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Moose spotted in Graniteville


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WESTFORD — A number of residents spotted an unlikely visitor in their backyards as a moose wandered through Graniteville Friday morning.

Officials respond to early-morning sighting

Residents sighted the moose as early as 6:30 a.m. according to Westford Animal Control.

“We got reports at 6:30 a.m. at River St where she later made her way to St. Catherine’s,” Westford Animal Control Officer Kirsten Hirschler told WestfordCAT. “She was definitely stressed and overheated.”

She continued, “she attempted to jump a fence and was unsteady on her feet and collapsed.”

The Massachusetts Environmental Police, Massachusetts Division of Fisheries and Wildlife, Westford Police Department and Westford Fire Department were on site near St. Catherine’s of Alexandria Church to assist with the moose.

“We hosed her down with the help of the fire department,” she said. “She was tranquilized and loaded into a truck.”

Moose expected to recover

According to MassWildlife State Deer and Moose Biologist Martin Feehan, the moose is expected to make a full recovery.

“She’s doing pretty well,” he told WestfordCAT. “She did also have a pretty bad case of winter tick, which can be lethal. She’s pretty lethargic from it but will likely recover. We were able to administer medicine that will help with the tick issue as well.”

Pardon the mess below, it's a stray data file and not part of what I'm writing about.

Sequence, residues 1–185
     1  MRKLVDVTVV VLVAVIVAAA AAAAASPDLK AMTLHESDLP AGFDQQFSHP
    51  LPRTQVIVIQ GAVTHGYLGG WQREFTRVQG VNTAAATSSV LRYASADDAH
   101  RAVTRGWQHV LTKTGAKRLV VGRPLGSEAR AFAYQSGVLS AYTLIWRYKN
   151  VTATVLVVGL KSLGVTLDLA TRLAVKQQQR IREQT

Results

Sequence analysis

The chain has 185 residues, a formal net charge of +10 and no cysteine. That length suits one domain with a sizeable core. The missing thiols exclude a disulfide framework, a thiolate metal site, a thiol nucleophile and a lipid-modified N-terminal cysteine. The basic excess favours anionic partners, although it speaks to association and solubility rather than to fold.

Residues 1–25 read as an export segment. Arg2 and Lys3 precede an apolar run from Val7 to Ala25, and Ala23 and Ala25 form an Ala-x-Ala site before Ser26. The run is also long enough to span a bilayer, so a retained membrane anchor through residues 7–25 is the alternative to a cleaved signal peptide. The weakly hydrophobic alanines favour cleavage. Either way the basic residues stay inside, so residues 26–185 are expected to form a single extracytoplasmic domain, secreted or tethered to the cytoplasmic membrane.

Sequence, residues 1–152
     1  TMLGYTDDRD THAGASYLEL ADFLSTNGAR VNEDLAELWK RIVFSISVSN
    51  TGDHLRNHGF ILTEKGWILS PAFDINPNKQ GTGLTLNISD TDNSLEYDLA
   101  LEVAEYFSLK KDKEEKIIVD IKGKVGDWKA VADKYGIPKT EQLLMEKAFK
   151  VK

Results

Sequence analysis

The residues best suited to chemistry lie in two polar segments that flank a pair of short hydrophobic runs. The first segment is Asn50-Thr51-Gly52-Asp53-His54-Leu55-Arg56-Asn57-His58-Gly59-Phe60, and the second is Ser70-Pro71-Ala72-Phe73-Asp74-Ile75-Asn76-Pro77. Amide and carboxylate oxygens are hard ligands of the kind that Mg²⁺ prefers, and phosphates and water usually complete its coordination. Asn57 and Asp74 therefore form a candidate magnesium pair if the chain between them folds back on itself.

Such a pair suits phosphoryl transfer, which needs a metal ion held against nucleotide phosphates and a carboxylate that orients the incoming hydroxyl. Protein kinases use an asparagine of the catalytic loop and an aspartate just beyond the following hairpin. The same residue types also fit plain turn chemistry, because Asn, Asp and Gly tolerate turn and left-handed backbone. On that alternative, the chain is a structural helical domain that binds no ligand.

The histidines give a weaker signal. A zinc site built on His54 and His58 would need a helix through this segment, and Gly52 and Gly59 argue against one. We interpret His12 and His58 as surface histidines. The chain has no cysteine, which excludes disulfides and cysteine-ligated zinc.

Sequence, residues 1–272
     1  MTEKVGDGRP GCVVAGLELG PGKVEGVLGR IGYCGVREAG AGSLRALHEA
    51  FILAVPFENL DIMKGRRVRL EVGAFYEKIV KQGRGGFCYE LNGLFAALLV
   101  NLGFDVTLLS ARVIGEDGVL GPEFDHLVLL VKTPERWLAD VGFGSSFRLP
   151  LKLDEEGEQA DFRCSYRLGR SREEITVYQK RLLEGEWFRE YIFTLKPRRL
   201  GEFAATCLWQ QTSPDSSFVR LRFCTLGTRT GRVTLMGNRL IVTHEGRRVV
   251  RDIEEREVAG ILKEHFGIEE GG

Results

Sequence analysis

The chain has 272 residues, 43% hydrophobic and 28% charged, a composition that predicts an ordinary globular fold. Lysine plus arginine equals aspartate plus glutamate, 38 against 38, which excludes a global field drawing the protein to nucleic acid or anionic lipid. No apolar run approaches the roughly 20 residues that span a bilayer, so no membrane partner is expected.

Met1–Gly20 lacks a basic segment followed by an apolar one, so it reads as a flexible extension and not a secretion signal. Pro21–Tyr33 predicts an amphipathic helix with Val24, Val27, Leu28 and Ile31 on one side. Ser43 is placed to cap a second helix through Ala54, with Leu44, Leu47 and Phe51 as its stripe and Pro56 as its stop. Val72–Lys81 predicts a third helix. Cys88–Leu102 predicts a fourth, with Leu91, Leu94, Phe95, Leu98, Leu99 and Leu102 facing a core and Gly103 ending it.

Feehan says the moose is an approximately two-year-old female weighing 400 pounds. This moose, according to Feehan, may have traveled across state lines.

“She appears to be a moose that was likely captured in N.H., she has out-of-state tags. But they are either from N.H. or Maine, but we will have to confirm that with their state biologist,” he said.

Moose have historically roamed Massachusetts, but their populations began to decline in the 1700s from unregulated hunting and extensive deforestation.

Feehan says a moose wandering in the area is not a rare occurrence.

“This is not a unique situation,” he said. “There are others in and around Westford. We’re on the edge of their range, so there isn’t a high abundance, but almost every one of the surrounding towns has a resident moose that keep to themselves.”

According to officials, the moose has been treated and will be released to an undisclosed location outside of Westford.

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Ben Domaingue
Ben Domainguehttps://www.clippings.me/bendomaingue
Ben Domaingue has previously worked at newspapers in New Hampshire and is the Managing Editor covering Westford. He’s passionate about community journalism, photography and hiking. Email him at bdomaingue@westfordcat.org.

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